35. Q: AGW is taught as a fact Is that moral?
  36. A: people need a religion so there’s something in people finding comfort in AGW
  37. China very polluted and would need free press We can’t impose impossible fuel standards
  38. There’s been global warming during last 100 years but we don’t know if it’s dangerous and how much humans contribute
  39. Some Christians feel uneasy about their faith so concentrate on feminism or social psychology instead
  40. Q: (inaudible) Q: important points made Opinion on Carbon tax? How can we help poor by taxing them?
  41. A: balance and trust are based on truth Worried about unscientific words uttered by scientists
  42. A: no problem when disagreeing with other people in the Church
  43. end of session with Lord Lawson

Live Microblogging Of IOP's "Finding a way forward for climate change" By Chris Rapley

This is an ordered version of my live microblogging (Twitter – @mmorabito67) of “Finding a way forward for climate change” at London’s Institute of Physics by Chris Rapley (Oct 19, 2011), presented as:

Professor Chris Rapley CBE, Director Science Museum

There is evidence to suggest that human activities are driving climatic change. This will be presented, along with the risks that the changes pose to human wellbeing. Professor Rapley will also outline the underlying link to human energy needs, and the nature of the challenge to achieve a “low carbon” future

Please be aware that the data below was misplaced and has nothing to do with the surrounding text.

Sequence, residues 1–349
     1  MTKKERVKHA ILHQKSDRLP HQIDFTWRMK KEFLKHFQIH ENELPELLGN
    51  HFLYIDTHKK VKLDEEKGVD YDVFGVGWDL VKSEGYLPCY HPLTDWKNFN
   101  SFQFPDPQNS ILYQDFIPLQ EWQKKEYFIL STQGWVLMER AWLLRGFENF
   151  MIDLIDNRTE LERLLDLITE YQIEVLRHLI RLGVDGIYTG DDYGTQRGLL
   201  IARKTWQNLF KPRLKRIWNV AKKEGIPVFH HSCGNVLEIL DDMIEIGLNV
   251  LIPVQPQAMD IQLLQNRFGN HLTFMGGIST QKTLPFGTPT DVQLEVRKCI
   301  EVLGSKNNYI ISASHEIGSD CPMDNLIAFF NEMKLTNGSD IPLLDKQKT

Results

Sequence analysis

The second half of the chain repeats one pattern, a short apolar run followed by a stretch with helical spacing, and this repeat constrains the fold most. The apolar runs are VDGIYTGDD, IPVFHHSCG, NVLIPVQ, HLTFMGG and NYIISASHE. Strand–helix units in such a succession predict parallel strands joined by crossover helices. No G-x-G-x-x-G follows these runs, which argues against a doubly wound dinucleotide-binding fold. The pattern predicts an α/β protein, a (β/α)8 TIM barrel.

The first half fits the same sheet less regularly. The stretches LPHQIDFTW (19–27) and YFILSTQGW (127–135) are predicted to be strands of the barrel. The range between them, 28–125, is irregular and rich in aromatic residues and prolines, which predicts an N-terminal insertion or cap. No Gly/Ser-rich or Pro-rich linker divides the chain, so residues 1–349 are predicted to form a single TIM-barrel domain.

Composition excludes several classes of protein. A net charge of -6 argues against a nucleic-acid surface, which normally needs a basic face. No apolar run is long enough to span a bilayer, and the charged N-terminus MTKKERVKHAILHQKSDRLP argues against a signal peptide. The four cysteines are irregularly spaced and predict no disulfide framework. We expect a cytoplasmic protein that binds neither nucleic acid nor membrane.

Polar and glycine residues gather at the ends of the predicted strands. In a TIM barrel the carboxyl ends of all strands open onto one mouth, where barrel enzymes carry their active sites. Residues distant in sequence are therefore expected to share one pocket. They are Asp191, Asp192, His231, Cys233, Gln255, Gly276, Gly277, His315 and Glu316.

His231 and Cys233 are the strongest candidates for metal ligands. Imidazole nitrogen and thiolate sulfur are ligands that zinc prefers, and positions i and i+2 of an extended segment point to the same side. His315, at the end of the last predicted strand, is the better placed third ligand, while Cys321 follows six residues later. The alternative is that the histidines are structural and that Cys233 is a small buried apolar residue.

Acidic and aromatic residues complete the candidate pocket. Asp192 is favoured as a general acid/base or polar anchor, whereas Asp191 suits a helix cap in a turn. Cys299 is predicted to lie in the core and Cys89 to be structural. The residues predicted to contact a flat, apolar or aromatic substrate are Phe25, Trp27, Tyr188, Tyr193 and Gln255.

1. Starting now – around 50 people, few spring chickens
  2. Science Museum infamous for disaster internet poll on global warming – so I don’t expect that much really
  3. Wrong after 10 seconds – MMU was from 1984 IIRC definitely not 1981
  4. “Astronauts don’t overload their life support system” – apparently that’s tonight’s theme
  5. Earth is a “highly interconnected object” – “spacecraft transporting 7 billions of us “
  6. Climate science and change have dropped out of the news since a year ago
  7. Rapley reports recently media science people told him there’s no story on climate change, nothing to do
  8. Innocence, unwitting consequences, mystery, cliffhanger – that’s the “plot”
  9. Story of climate science fascinating by itself